Even if you plan to take a notebook, online storage is still worth a look. Those away on business may value the peace of mind that comes from having a readily-accessible backup copy of important presentations or PowerPoint slides in the event of theft or hardware malfunction.
Like a lot of free services on the Net, no-charge online storage options are rapidly disappearing. One, idrive, announced in June that it would no longer offer its free service - warning users to remove their files within two weeks or risk losing that information. This can be a problem if you plan to rely on a site, only to find it out of business just at the moment you need it.
Xdrive is another site that charges for its storage service. This can actually be a blessing in disguise, helping the site you rely on to stay in business. Plus, there are ways around the fees. Xdrive, for example, lets you trial the service free for 15 days, which may be fine for shorter trips.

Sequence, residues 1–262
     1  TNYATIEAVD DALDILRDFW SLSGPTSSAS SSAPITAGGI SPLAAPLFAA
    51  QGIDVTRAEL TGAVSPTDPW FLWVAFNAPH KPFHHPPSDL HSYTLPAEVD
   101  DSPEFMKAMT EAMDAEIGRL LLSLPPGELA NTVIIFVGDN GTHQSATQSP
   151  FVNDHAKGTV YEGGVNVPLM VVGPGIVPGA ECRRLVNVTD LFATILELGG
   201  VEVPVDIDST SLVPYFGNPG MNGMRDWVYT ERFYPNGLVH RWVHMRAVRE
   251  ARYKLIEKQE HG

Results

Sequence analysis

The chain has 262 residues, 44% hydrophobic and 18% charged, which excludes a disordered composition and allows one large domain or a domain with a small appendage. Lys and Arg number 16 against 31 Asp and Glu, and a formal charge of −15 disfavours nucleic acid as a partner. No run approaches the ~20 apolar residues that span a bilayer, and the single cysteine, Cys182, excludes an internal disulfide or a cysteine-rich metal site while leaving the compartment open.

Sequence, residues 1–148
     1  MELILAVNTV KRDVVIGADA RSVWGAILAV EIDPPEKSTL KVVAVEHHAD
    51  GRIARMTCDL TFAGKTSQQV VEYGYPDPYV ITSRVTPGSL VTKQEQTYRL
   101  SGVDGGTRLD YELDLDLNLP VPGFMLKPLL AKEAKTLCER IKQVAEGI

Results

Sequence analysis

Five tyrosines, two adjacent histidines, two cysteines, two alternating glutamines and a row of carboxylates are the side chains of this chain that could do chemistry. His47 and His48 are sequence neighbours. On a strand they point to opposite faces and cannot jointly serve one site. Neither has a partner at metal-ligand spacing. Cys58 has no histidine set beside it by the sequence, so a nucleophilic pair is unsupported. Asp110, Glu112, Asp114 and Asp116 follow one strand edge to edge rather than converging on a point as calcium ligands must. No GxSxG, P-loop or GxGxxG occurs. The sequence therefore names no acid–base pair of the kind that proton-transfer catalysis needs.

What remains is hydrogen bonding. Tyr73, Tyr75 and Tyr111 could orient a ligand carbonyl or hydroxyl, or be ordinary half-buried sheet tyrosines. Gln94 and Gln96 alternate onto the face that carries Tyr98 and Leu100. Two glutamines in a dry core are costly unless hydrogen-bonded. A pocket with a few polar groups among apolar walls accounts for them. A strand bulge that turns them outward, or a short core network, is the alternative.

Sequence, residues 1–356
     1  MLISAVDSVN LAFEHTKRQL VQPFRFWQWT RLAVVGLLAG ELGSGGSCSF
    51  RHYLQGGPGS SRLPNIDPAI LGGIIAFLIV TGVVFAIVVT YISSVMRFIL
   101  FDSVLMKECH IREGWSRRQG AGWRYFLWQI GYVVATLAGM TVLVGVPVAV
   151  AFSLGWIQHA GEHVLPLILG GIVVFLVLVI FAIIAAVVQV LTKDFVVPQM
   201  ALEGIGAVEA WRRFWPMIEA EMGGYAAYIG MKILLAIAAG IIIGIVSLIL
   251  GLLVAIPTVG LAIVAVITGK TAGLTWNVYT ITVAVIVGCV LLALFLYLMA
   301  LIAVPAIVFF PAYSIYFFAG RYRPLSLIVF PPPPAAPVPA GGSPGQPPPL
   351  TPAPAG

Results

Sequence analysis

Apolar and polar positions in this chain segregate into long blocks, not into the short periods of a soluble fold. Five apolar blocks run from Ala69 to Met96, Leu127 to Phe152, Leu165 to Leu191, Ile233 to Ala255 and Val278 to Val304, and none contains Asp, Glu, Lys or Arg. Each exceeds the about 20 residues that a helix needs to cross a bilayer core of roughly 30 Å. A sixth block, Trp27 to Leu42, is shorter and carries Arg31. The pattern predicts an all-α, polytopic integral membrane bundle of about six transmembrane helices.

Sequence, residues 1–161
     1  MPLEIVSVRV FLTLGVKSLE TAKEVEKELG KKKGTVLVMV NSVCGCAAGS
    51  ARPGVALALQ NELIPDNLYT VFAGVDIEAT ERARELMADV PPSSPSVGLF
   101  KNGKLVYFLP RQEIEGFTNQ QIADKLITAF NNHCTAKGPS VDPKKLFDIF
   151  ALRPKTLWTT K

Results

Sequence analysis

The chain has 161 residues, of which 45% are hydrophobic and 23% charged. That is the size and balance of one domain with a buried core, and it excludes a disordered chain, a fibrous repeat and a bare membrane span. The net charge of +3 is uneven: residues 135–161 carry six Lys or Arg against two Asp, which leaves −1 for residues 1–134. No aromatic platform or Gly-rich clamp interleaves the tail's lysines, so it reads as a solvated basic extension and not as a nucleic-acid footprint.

Tip: take the time before you travel to think about how you plan to use online storage on the road. If you're paying for expensive Web time in an Internet cafe, you don't want to be wasting time changing the configurations.
If you use short messaging service already, you'll know how useful it is for sending short notes. Even if you don't take your mobile phone with you (although you can use your phone in many countries - ask your telco), you can still send an SMS message using the Web.
Free services usually limit the length of the message and the number of messages you can send, but there's typically enough scope to send brief missives like "arrived safely, will call later" or "send more money!" (parents of backpackers be warned). SMS messages can also be used to arrange a time for an actual phone call when you're trying to work between vastly different timezones.